In one of my dreams last night, as I was walking on the street, a young man bumped into me deliberately. I bumped him back and then he repeated his bumping so hard that we fell down. He looked me and said calmly, “My name is Howard and I bumped you.” I replied, “My name is Steve and I bumped you back.” We began talking back and forth.
We got up and walked on. As I listened to Howard I realized that he was using extremely literate analogies. I only remember one this morning. Something about how the school where he was living had an evening atmosphere of charm and relaxation that reminded him of Rilke.
By the time he made this comment we were separating. He had called this out from across the square. Then we parted. I arrived at my destination eager to share my experience. But each time I tried to tell people about the extraordinary young man I had met, someone turned on a TV. This happened twice in the dream before I gave up trying to say anything.
I woke up thinking about literacy. My teacher Craig Cramer always claimed that I was a well read person. He still seems to have this impression. I have noticed that I talk less and less about how I understand situations in relationship to what I read and think about. I have stopped hoping that people have read Rilke, Proust, and others who I carry around in my head. I don’t expect them to know the music, poems, or books that I find important and attractive.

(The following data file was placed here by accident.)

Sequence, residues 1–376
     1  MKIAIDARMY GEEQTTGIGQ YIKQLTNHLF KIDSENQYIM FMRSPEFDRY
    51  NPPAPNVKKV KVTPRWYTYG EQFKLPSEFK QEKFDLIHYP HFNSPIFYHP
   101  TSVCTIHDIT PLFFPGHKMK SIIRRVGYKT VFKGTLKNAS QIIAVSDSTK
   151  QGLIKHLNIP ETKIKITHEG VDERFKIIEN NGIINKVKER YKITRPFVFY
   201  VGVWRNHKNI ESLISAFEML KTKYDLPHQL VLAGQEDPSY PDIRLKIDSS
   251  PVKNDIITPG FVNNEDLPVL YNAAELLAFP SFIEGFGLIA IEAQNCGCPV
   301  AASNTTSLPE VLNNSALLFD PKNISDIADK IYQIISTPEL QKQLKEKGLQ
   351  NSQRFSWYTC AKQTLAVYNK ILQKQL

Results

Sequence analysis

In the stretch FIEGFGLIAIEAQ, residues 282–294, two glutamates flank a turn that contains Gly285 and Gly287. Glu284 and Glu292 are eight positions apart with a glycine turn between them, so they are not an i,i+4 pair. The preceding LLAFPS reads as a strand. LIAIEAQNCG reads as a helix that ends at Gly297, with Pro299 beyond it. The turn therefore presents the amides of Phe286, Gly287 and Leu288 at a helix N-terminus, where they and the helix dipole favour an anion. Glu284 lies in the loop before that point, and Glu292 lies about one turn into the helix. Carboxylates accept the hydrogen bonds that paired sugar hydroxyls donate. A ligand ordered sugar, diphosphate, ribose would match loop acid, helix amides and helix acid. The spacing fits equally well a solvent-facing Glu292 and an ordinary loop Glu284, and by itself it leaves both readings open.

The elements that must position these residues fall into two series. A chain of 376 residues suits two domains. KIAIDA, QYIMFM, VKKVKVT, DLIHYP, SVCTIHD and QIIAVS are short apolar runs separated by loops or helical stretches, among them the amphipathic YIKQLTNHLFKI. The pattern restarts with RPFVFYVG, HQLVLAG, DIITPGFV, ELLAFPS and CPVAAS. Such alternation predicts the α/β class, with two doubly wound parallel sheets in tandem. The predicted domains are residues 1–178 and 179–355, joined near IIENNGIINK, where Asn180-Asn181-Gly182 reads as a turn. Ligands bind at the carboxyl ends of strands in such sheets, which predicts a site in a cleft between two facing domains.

I know that I can sometimes sound pompous when asking if they do. Since I am pompous enough, I notice that I keep my literary references more and more to myself unless someone asks me a question.
1. Neanderthals Leave Their Mark on Us – NYTimes.com
So if Neanderthals share some DNA with modern Homo Sapiens, this means they mated, right? I get confused because I thought the definition of species division was the inability to produce offspring. At any rate, I love this combination of DNA science and anthropology.
2. 20 Al Jazeera Journalists Face Charges in Egypt – NYTimes.com
Egypt is putting journalists in prison.